Sports

Truck Day signals unofficial start of Red Sox spring training

Workers on Tuesday are loading a truck with the Red Sox’ gear for spring training. (Marie Torto photo)
Workers on Tuesday are loading a truck with the Red Sox’ gear for spring training. (Marie Torto photo)

Red Sox fans celebrated Truck Day on Tuesday, the unofficial start of spring training.

Workers began loading a JetBlue-sponsored big rig parked outside Fenway Park just after 7 a.m. despite below-freezing temperatures. Bins of medical supplies, training gear and luggage were brought from the warehouse, and boxes were piled high to ensure that no essential was left behind and that the Red Sox had what they need at their spring training complex in Fort Myers, Fla.

By 10 a.m., fans had already gathered for the truck sendoff at noon. Red Sox president Larry Lucchino came out to greet the fans, and said the theme for the Red Sox this year is “new things ahead.” He said he was happy to see the turnout for Truck Day.

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“This is one of the things that’s so special about Boston,” said Lucchino. “It’s a great reminder that the fans care so deeply.”

Also in attendance was Red Sox third baseman Will Middlebrooks. He said that he’s ready for spring training in Florida and feeling 100 percent for the start of the season after missing the second part of last season with a wrist injury.

It was Middlebrooks’s first Truck Day.

“I’ve always seen pictures from it, but this is the first time I’ve been part of it so it’s pretty cool,” he said.

Middlebrooks and Lucchino chatted with fans and even stopped to sign the posters of Kailey Gerard and Faith Dominguez, fourth generation members of the Arundel family, who all came to Truck Day to fulfill a bucket list wish of their 76-year-old great-grandfather, Dick.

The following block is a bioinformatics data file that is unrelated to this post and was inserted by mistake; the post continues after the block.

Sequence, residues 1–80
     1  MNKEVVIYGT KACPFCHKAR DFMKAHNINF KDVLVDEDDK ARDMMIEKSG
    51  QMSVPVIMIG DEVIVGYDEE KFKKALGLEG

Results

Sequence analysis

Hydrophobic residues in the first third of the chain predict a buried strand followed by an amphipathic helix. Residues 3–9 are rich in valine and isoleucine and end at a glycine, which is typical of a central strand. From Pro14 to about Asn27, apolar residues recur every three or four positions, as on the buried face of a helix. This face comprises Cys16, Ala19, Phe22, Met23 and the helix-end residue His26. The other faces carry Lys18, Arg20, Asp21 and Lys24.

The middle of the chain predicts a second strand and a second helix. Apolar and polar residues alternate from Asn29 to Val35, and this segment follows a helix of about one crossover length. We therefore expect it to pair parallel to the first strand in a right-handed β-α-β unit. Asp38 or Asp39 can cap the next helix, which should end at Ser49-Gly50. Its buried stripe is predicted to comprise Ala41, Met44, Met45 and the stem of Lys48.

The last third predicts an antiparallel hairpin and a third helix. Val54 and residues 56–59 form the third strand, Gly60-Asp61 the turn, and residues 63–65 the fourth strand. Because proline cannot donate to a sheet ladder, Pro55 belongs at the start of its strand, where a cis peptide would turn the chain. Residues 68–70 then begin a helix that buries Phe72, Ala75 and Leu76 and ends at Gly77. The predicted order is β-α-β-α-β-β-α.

“I always wanted to come up and see Truck Day,” said Dick Arundel. “This year, I made the talk about it about a month ago and it snowballed to four generations and they all said ‘we’re going to go.’”

Arundel said he has been a Red Sox fan his whole life. “It’s baseball, that’s what it is. Everything else is immaterial. All the other sports are there to keep you occupied between the end of the World Series and the beginning of spring training, that’s why they’re there.”

At noon, the truck was filled to capacity and ready to begin its trek to the Sunshine State. A flatbed pulled down Van Ness Street in front of the 18-wheeler, loaded with Fenway and Red Sox staff and of course, Wally the Green Monster, throwing gifts to the cheering crowd.

The 18-wheeler, with the slogan “Big Things Ahead,” will make a 1,480-mile journey to Fort Myers, Fla., to the Red Sox spring training facility.

Red Sox equipment manager Edward Jackson, or “Pookie,” as he is affectionately known, said he’s excited that baseball is just around the corner.

“It’s a whole new season,” said Jackson. “I’m pretty confident it’s a whole new start for us. We’re getting all of the Red Sox player equipment on the truck. Just feels like baseball season soon.”

Spring training officially begins for the Red Sox on Sunday, the reporting date for pitchers and catchers, although many players are already in Fort Myers holding informal workouts.

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